nent service in saving ye triumph fired in fight with the Dutch’ on that occasion, a gold medal was awarded him by parliament (Commons' Journals, vii. 296). In succeeding years Ames was in command of several ships of war, and made repeated voyages to America and the West Indies. Under his care many royalist prisoners were transported to the colonies, and on 8 Oct. 1655 he was the bearer of a young deer as a present to Cromwell from the president of the Providence plantation in New England. He withdrew from active service, according to his grandson, the bibliographer, about 1673, and retired to Yarmouth, where he died in December 1695. He was a member of the presbyterian congregation of his native town. Several of his letters, addressed to the admiralty commissioners under the Commonwealth, are preserved among the State papers of the time.[Memoir in Ames's Typographical Antiquities (ed. Herbert and Dibdin), i. 22 et seq.; State Paper Calendars, 1652–3, 1654, 1655; S. D. U. K. Biographical Dictionary.]
AMES, JOSEPH (1689–1759), bibliographer and antiquary, was descended from the old Norfolk family of that name, and was the eldest child of John, a master in the merchant service, the latter being the sixth son of the Captain Joseph Ames, R.N., whose life is recorded above. Joseph Ames was born at Yarmouth 23 Jan. 1688–9, and was educated at a small grammar school in Wapping. He lost his father when twelve years old, and three years later was apprenticed to a plane maker in King Street or Queen Street, near the Guildhall, in the city of London. He is said to have served his time in a creditable manner, but does not appear to have taken up his freedom. He moved to Wapping near the Hermitage, where his father had previously settled, and where he entered into business either as a shipchandler, according to Walpole (Cat of Engravers, p. 3), as a plane-iron maker (Mores, Diss. upon English Typogr. Founders, p. 85), a patten maker (Cole's MSS. vol. xxx.), or an ironmonger (see letters so addressed in Nichols's Illustrations, iv.). He continued the business, which must have been of a lucrative character, until his death. In 1712 his mother died, and was buried in Wapping church near her husband. Two years later Ames married Mary, daughter of William Wrayford, a merchant in Bow Lane. She died in 1734, after bearing six children, of whom only a daughter survived her.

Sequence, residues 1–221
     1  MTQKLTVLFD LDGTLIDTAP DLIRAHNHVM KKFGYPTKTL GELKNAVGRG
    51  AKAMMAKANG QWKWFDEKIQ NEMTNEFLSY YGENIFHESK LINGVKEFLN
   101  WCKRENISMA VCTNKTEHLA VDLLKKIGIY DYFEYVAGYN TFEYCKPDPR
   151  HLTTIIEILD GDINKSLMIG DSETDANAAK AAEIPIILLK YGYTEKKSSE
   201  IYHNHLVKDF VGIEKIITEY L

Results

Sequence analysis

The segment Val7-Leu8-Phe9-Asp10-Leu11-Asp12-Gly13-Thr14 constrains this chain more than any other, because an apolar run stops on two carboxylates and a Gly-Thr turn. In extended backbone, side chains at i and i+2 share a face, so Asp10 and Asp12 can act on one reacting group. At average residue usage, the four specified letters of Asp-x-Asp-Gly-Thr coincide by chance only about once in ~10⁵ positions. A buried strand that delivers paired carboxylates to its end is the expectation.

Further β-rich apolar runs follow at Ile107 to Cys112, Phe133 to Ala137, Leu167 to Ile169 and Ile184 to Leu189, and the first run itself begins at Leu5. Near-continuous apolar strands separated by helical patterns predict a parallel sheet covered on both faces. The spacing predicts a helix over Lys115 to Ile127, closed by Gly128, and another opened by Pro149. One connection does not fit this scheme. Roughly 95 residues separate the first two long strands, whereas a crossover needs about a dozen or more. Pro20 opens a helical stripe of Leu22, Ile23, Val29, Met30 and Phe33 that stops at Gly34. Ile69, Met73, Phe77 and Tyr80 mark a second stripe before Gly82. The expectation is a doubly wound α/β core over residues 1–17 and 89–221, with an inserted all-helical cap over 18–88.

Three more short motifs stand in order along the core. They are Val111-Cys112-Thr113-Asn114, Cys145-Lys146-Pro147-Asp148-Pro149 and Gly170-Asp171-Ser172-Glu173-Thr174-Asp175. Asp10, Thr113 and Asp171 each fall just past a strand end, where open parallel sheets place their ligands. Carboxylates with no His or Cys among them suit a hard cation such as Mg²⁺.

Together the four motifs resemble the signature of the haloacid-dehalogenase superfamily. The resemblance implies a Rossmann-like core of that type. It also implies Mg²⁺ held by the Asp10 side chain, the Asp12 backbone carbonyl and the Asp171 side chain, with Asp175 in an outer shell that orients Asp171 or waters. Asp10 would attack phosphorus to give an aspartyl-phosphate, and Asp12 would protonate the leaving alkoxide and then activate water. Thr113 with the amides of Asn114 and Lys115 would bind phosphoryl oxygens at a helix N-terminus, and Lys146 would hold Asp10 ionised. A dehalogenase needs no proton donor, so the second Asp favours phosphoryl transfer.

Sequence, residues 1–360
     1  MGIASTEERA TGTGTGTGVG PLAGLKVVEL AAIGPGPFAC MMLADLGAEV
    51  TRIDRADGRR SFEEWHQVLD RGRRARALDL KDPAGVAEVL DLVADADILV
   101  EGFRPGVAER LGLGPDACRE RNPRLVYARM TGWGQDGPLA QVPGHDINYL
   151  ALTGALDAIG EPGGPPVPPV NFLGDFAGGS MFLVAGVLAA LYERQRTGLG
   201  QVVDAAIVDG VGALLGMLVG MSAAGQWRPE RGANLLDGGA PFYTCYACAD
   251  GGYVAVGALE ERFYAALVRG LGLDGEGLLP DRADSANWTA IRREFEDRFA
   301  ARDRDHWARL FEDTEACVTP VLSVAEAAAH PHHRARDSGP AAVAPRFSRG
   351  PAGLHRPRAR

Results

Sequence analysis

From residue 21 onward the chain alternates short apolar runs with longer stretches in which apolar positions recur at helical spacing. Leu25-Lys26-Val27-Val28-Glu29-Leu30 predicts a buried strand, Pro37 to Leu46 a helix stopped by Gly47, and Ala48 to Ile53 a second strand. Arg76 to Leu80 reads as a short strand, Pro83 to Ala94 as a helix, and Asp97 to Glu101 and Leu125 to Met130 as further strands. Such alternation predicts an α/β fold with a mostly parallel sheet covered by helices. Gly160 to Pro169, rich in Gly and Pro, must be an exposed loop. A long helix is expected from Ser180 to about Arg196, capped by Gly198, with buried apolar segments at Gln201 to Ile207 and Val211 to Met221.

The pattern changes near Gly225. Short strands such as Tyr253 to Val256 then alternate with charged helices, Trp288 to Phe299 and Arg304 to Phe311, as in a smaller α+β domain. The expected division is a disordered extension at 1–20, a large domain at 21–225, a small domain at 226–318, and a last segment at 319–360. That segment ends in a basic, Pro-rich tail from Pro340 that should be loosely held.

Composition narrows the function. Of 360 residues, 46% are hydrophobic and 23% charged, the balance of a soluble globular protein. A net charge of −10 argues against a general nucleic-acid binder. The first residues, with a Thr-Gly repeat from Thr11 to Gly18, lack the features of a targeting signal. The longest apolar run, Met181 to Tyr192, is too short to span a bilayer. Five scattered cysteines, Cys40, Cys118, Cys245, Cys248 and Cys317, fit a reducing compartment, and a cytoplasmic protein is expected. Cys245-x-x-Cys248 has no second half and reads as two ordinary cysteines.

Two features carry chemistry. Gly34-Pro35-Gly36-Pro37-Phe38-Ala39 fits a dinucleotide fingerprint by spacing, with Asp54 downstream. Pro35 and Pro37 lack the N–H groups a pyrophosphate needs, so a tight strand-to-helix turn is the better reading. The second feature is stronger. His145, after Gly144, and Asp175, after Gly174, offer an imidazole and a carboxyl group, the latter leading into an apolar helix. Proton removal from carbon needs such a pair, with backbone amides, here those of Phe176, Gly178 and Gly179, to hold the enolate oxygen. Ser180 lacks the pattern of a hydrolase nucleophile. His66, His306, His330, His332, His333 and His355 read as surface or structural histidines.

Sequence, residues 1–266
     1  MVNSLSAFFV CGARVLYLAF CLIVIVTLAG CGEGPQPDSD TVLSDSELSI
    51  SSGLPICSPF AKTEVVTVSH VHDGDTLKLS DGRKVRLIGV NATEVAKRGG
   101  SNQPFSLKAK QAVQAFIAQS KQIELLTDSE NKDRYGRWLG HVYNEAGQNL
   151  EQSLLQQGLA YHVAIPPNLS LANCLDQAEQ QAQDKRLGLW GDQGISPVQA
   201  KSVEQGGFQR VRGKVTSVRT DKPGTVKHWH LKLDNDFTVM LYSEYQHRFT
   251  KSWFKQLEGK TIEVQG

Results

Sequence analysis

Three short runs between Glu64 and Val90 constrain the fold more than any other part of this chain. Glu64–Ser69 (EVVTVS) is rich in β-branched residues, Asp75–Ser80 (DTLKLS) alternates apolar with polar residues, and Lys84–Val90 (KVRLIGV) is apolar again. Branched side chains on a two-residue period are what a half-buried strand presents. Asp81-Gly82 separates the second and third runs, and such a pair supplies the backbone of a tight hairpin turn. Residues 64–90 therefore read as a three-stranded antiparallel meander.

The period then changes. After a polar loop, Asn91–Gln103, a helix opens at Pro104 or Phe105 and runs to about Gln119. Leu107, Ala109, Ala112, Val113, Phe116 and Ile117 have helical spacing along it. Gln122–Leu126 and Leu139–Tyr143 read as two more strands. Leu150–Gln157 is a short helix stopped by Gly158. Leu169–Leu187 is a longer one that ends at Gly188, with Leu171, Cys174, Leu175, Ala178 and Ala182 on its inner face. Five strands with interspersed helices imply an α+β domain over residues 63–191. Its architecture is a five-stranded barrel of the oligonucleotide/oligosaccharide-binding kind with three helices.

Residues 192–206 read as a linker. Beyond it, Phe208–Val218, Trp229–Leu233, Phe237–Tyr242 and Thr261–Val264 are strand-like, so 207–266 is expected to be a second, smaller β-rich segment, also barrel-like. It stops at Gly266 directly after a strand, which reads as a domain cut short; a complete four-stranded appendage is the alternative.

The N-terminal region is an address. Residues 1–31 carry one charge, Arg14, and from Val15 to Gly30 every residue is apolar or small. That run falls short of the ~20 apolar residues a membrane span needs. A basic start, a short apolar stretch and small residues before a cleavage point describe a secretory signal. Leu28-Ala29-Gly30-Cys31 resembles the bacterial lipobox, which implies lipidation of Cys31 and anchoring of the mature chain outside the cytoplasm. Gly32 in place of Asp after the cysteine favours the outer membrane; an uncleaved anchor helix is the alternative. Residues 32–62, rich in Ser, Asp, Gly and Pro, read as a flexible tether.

Ames owed his taste for learned studies to the Rev. John Russel of St. John's, Wapping, and the Rev. John Lewis of Margate, the well-known antiquary, to whom he was introduced by Mr. Russel. At some period before 1720 Ames made the acquaintance, while attending Dr. Desaguliers's lectures, of Mr. (afterwards Sir) Peter Thompson, a Hamburg merchant and member for St. Albans, and a man of marked character and considerable acquirements. The three friends exercised much influence upon the bookish career of Ames. Lewis had long been making collections for a history of printing in this country, and at least as early as 1730 suggested to Ames that he should undertake the work and make use of his notes. These appear to have been sent to Ames from time to time, and were carefully preserved and bound into a volume, which may now be seen in the British Museum (Add. MS. 20035). They include lists of printers and facsimiles of their marks, copies of title-pages, extracts, &c. The national collection also contains another volume of original papers used by Ames (Add. MS. 5151). Ames at first declined the offer, as a printer of the name of Samuel Palmer was then passing a similar work through the press. This appeared in 1732 under the title of ‘The General History of Printing … particularly its introduction, rise, and progress here in England,’ London, 1732, 4to. Palmer died before the publication of his work, which was then completed by the industrious pen of the impostor, George Psalmanazar. A continuation in manuscript by Palmer, devoted to the practical part of the art, was sold among Ames's collections. The book proved so poor a performance that Ames decided at last to undertake the great work by which his name will always be held in honour among bibliographers, and which was to form the chief object of his life. In the year 1739–40 he circulated a preliminary list of English printers from 1471 to 1600, which included 215 names, most of them being those of London men, with the announcement: ‘As the history and progress of printing in England, from 1474 to 1600, is in good forwardness for the press; if any gentleman please to send the publisher, Jos. Ames in Wappin, some account of these printers, or add others to them, or oblige him with what may be useful in this undertaking, the favour will be gratefully acknowledged.’ The fine volume of engravings descriptive of the cabinet of coins belonging to the Earl of Pembroke, and known as the ‘Numismata Antiqua,’ was brought out in 1746 without a syllable of letterpress. To remedy the defect, Ames printed for private distribution an index of four leaves, which he said ‘may be put into the book altho' it is bound.’ It con-